Other than their home, a couple’s retirement funds are often their most valuable assets, and the question of who gets retirement funds in a divorce is a tricky one. Retirement funds are generally considered joint property, to be split equitably in the event of a divorce. The laws pertaining to the division of retirement funds, however, are complex, and if not handled correctly can result in financial losses for one or both parties in the split.
Here are some of the basic things you need to know about your retirement funds in a divorce:
- Only funds created or monies contributed during the marriage are subject to division. Any funds you created prior to the marriage belong to you, but beware: in some states the interest or earnings accrued to these accounts during the marriage are also considered joint marital property.
- Since retirement funds are subject to fluctuations in market value, it’s important that you designate the amount to be split by a percentage value, not a dollar amount. If a fund you own loses value, you may have ended up agreeing to give a larger portion to your ex, or even end up having to pay them out of pocket for a fund that is worth less than the amount designated when you made your agreement.
- You can agree to a present-day valuation buy-out, in which one party agrees to accept cash or goods of comparable value to the retirement fund, based on the current value of the retirement assets. This dispenses with the at times tricky procedural requirements for splitting up the funds.
- IRAs are governed by State laws, and are divided using a process called a “transfer incident to divorce”. If done correctly, this allows the IRAs to be considered as roll-overs, and avoids the early withdrawal penalties normally imposed on such accounts. However, it does not prevent the funds from being subject to taxation under some circumstances (such as the transfer of funds from a 401k to an IRA).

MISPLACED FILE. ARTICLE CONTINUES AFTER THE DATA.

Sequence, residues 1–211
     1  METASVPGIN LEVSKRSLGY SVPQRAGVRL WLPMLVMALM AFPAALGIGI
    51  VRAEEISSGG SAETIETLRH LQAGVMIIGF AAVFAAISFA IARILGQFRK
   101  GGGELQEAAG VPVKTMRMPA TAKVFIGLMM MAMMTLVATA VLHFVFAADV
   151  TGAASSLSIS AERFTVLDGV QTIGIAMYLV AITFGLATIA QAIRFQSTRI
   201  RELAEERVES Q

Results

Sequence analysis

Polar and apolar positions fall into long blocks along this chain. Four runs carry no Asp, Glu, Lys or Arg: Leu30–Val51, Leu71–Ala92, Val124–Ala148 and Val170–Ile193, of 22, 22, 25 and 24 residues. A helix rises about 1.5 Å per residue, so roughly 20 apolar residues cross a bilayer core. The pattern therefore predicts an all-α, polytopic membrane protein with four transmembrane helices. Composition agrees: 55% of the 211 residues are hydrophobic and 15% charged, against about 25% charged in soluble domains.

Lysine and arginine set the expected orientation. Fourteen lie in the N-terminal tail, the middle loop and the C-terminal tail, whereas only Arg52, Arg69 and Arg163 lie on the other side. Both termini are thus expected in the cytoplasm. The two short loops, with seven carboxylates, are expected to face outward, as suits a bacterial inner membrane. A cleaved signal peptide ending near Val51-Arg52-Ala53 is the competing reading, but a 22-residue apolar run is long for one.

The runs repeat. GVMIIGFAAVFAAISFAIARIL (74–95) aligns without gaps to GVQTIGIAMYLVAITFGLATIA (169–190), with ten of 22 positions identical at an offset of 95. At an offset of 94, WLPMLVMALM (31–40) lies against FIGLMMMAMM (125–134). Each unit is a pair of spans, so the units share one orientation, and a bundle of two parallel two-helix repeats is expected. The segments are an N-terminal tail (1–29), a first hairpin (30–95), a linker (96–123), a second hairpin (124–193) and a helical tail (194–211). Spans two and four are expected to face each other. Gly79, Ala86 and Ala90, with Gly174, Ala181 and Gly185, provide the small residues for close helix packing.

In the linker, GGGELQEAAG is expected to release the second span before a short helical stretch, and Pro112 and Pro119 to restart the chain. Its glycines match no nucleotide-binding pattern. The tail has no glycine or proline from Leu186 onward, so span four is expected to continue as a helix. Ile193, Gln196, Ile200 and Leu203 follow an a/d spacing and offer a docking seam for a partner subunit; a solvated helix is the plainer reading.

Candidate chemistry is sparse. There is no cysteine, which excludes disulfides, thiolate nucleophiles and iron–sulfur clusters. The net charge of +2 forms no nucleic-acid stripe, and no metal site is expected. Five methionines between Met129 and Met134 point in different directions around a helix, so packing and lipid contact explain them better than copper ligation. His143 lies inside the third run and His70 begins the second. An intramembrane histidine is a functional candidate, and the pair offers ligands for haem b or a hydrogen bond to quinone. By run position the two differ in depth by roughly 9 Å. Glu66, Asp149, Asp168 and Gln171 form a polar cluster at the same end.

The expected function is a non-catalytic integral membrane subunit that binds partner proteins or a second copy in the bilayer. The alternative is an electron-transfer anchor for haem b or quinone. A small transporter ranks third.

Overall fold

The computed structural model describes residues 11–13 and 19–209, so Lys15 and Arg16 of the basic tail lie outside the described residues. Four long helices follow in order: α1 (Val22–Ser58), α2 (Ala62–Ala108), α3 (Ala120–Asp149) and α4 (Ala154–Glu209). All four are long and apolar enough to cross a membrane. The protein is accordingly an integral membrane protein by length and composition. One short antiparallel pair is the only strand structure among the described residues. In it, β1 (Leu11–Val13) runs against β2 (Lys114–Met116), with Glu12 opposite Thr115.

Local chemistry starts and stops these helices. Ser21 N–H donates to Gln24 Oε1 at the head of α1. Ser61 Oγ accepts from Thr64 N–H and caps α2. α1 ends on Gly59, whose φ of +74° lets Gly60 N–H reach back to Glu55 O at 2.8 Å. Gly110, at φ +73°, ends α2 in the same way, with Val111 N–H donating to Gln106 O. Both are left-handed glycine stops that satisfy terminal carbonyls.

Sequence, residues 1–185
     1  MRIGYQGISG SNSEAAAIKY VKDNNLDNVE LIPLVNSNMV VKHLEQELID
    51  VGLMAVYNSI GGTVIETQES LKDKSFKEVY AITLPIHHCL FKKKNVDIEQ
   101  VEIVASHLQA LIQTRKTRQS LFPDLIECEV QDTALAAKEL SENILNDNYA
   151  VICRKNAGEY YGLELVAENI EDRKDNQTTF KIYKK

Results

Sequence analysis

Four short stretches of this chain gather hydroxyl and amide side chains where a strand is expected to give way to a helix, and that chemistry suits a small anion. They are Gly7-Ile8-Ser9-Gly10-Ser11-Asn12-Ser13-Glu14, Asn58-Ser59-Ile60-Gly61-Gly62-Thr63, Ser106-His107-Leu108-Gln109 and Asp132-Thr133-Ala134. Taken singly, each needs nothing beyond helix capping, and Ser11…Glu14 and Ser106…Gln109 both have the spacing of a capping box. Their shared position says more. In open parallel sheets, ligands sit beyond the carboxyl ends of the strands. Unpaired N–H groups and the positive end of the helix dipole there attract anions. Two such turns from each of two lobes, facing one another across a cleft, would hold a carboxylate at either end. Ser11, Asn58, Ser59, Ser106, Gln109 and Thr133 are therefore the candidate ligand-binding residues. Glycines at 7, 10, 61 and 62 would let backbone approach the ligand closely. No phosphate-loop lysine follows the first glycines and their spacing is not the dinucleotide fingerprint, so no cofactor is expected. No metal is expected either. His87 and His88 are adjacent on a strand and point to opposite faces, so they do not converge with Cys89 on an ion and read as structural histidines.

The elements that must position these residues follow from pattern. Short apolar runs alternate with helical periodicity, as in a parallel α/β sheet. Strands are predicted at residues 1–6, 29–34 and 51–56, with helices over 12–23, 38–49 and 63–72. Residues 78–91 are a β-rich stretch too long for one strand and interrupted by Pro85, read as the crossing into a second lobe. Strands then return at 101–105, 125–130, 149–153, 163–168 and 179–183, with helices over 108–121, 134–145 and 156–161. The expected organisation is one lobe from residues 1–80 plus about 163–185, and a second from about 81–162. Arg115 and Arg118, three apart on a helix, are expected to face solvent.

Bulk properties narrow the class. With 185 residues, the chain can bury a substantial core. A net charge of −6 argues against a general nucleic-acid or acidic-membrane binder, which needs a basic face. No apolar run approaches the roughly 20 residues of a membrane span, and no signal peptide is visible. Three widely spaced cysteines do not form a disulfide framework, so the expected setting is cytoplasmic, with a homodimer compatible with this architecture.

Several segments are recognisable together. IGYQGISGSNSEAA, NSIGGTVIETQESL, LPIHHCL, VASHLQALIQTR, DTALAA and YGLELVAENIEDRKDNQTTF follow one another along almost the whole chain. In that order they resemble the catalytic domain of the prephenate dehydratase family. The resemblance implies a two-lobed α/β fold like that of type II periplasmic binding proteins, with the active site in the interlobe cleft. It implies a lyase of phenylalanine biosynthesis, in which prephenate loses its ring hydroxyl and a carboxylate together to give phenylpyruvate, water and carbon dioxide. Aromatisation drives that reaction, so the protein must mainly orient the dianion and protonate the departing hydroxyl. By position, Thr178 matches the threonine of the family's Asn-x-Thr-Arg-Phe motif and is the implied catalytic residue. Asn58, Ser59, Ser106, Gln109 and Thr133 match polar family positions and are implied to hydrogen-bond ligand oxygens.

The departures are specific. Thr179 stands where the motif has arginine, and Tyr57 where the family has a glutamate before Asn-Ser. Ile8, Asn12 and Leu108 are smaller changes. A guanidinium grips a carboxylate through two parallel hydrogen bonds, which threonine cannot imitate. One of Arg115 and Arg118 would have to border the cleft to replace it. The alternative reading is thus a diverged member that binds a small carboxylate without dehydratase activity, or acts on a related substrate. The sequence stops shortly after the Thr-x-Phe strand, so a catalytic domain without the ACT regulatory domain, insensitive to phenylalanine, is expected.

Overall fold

- Qualifying accounts such as 401Ks and 403(b)s are governed by Federal laws, and must be distributed using a Qualified Domestic Relations Order (QDRO). The QRDRO is a court order that companies who manage funds must comply with, which allows these types of funds to be distributed to both parties without penalties or taxation. They should be submitted to the pension or retirement plan before the divorce, and should be detailed and specific to the fund that is being divided, or they may not work as intended.
- It’s important to get this process started before the divorce, because if, for instance, a spouse dies after the divorce is finalized, but before the QDRO has been executed, the surviving spouse gets nothing.
- Military pensions, and federal, state, county and city retirement plans all have their own rules for division. Know the specifics of your plan, and consult an attorney to determine the best way to divide these assets.
- Be sure to change the beneficiary information on your retirement accounts, as well as any life insurance policies or annuities. Members of the military and federal employees must change the designation on the appropriate beneficiary designation form.
- If funds are not labelled correctly and the proper authorities are not notified in the correct way, the consequences can be very bad. For instance, you may be compelled to make tax payments and penalties for an account you no longer own, if your ex makes an early withdrawal. Or, your ex may seek a post-divorce judgment demanding you pay these penalties, if the funds were not labelled correctly.
It is critical that you understand the specific qualities and rules of any retirement funds you own, in order to divide them in a way that is equitable, and which does not force you to pay penalties or early taxes on your funds. You should seek out the advice of an attorney who understands the complicated nature of the laws pertaining to retirement funds to avoid making costly mistakes.
We are happy to guide you through the process of separating your retirement accounts, and are committed to finding ways to protect your assets. Please call our office at 856-227-7888, or contact us at firstname.lastname@example.org for a free consultation.
The above is not specific legal advice nor does it create a lawyer-client relationship. Do not rely upon it without consulting an attorney to see how the information presented fits your unique circumstances.